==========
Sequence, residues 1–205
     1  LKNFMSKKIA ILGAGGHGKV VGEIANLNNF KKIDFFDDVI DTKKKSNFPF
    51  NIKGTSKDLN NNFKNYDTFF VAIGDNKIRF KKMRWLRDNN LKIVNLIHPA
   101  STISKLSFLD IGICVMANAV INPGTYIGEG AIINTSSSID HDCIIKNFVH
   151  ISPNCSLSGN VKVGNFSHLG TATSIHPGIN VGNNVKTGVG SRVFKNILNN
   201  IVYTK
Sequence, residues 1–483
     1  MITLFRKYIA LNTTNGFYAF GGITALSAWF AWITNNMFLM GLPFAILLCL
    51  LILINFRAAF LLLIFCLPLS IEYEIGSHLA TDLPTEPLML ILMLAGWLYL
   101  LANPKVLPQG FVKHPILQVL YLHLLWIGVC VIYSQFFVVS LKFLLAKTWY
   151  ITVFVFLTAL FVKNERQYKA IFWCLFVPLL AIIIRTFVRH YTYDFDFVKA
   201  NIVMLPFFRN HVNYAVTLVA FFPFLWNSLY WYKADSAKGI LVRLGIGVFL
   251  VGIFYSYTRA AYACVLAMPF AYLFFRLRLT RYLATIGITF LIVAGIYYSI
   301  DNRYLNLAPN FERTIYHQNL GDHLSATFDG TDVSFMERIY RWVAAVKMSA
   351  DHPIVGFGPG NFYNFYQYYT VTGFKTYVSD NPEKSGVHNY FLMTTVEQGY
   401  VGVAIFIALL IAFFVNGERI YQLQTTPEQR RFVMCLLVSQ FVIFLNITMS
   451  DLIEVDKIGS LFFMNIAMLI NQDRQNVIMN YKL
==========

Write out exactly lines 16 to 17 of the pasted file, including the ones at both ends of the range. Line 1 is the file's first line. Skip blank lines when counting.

   401  VGVAIFIALL IAFFVNGERI YQLQTTPEQR RFVMCLLVSQ FVIFLNITMS
   451  DLIEVDKIGS LFFMNIAMLI NQDRQNVIMN YKL